technicians investigate crimes by collecting and analyzing physical
evidence. Often, they specialize in areas such as DNA analysis or
firearm examination, performing tests on weapons or on substances such
as fiber, glass, hair, tissue, and body fluids to determine their
significance to the investigation. Proper collection and storage methods
are important to protect the evidence.
Forensic science technicians also
prepare reports to document their findings and the laboratory techniques
used, and they may provide information and expert opinions to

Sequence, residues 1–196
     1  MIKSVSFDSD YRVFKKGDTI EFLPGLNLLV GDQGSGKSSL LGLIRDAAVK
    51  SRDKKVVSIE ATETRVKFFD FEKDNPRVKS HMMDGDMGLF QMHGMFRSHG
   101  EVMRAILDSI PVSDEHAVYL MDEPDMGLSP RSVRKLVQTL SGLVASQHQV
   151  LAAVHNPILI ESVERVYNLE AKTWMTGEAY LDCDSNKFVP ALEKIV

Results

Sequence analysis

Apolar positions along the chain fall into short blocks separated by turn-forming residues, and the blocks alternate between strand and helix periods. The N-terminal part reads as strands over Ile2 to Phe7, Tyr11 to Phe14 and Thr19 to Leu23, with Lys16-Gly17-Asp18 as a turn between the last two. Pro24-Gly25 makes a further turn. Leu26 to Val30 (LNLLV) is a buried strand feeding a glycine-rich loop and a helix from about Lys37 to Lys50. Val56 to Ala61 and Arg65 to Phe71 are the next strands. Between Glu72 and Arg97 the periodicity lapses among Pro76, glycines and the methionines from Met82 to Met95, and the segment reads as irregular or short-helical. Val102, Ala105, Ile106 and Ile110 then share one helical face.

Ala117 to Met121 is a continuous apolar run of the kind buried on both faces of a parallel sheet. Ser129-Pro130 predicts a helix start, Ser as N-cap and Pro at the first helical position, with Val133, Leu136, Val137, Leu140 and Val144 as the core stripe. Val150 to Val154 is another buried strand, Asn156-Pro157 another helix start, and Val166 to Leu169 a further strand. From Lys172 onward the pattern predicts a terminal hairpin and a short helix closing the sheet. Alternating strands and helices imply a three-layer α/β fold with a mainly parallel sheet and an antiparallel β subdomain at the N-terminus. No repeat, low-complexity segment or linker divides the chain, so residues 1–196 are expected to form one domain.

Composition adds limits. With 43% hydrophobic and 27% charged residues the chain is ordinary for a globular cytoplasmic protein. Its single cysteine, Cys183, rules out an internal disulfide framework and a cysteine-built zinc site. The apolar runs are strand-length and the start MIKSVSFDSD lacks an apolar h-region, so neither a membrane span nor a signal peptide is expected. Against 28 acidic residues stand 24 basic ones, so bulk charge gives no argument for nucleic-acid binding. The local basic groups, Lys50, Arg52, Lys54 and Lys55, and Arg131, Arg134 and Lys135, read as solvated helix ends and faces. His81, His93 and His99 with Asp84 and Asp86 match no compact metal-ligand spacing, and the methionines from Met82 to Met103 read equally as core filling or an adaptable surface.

When criminal cases come to trial, forensic science
technicians often give testimony as expert witnesses on laboratory
findings by identifying and classifying substances, materials, and other
evidence collected at the scene of a crime. Some forensic science
technicians work closely with other experts or technicians. For example,
a forensic science technician may consult either a medical expert about
the exact time and cause of a death or another technician who
specializes in DNA typing in hopes of matching a DNA type to a suspect.
Note: Some resources in this section are provided by
the US Department
of Labor, Bureau of Labor Statistics.